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Conflicting reports have emerged regarding the current status of Sudan's "death-row mother" Meriam Ibrahim's lack of freedom to leave Khartoum for a new life with her husband and children at his American home.
On Thursday Reuters reported that the lawsuit brought by Ibrahim's Sudanese Muslim father was dropped. The lawyer handling the case said this move could allow her to depart for the United States—where her husband, Daniel, is a dual U.S. citizen.
Then Sudan Tribune reported on Friday that Ibrahim's family filed another lawsuit, this time seeking to annul her marriage to her Christian husband, Wani. This is a continued attempt to keep her from leaving Sudan, and an annulment of Wani and Ibrahim's marriage would also mean the children would not be legally recognized as Wani's children.
Early last week, Ibrahim's family filed a lawsuit seeking to prove the biological link between Ibrahim and her Muslim father, but the suit was dropped without explanation by the family. A lawyer acting on their behalf, Abdel Rahman Malek, told Reuters news agency: "We are no longer proceeding with the lawsuit," but declined to give any reason.
The first scheduled hearing of the case would have been Thursdayat the Khartoum Family Court.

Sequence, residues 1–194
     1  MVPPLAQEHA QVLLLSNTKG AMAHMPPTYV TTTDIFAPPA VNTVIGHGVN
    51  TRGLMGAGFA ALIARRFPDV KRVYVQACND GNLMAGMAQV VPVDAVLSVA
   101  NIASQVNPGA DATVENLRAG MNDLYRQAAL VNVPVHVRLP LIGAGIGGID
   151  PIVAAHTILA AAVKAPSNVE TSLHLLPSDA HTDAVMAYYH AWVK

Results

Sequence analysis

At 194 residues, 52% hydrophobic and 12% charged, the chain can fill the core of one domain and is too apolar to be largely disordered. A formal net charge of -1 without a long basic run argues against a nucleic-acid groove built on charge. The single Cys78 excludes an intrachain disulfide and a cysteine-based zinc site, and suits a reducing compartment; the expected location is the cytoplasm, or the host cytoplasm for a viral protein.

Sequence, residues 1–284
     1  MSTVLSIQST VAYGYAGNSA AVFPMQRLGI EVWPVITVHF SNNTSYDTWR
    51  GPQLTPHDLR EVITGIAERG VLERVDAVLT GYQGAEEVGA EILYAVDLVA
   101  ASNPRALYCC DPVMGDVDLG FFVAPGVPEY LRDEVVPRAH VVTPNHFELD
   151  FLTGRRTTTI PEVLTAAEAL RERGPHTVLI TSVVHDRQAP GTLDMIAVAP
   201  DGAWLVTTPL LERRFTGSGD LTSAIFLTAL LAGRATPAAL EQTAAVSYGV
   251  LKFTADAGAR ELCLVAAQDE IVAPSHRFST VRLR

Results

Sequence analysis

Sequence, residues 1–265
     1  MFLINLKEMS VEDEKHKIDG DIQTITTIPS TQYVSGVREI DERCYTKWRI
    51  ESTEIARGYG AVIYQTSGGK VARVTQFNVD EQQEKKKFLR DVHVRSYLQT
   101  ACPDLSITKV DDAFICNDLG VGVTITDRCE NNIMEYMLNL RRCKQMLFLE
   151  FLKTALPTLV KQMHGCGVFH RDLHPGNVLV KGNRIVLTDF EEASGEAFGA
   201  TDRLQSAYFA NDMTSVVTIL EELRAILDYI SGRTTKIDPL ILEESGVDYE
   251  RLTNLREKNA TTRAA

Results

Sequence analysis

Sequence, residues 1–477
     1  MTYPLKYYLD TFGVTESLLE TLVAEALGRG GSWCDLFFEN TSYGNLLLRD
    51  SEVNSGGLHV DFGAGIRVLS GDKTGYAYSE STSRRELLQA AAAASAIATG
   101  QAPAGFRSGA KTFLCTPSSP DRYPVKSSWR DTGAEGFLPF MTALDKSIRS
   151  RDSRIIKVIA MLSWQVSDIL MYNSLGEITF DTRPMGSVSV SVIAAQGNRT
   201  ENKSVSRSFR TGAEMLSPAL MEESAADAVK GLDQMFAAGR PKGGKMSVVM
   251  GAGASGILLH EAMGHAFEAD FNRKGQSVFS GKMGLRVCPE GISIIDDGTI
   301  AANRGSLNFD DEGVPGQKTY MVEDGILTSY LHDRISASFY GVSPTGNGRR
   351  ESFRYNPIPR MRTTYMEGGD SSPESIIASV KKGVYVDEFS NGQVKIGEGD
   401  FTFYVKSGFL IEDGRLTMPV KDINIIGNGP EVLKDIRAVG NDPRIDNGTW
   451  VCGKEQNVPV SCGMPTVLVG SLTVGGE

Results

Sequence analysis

The U.S. Department of State has told World Watch Monitor that, "the government of Sudan has assured us of the family's continued safety." It went on to say in an email, "The Department of Homeland Security has informed us that Ms. Ishag [Meriam Ibrahim] and her children have all the documents they need to enter the United States as soon as the government of Sudan allows them to exit the country."
It was relatives of Meriam who originally accused her of adultery by marrying a Christian.
WWM has several times reported the story of her death sentence from the court in Khartoum and its world-wide condemnation; we have also highlighted the general plight of Sudan's Christians.
Ibrahim's harrowing journey began with arrest in September 2013 before being found guilty of apostasy, sentenced to hang and then giving birth to her second child while imprisoned. She was finally freed on June 26 and is now staying at the U.S. Embassy in Khartoum.
Ibrahim and her family are living in a makeshift home sleeping on four camp beds in the Embassy's library. Despite these cramped conditions, her stay has prevented the Sudanese court from serving papers, which could have contributed to the breakdown of the latest case against her.
The Sudanese government does not appear to have formally dropped its accusation of "incorrect travel documents." Ibrahim is a Sudanese citizen, but the U.S. Embassy assisted her to try to leave Khartoum using South Sudanese travel papers, as her South Sudanese husband, Daniel Wani, now lives in the U.S.). Ibrahim was allowed to leave police custody after a brief detention on June 26 over the alleged "forged" papers.
Further good news for Ibrahim's family was recently reported by the U.K.'s Daily Mail—that her baby girl was not injured, despite being born while her mother was shackled to the floor.
Ibrahim, herself a doctor, feared that being constrained during birth could cause irreparable damage to her daughter, Maya. It was feared that, like her father Daniel who has muscular dystrophy, she might not be able to walk. An ultrasound in the coming weeks is hoped to give Maya the all clear.
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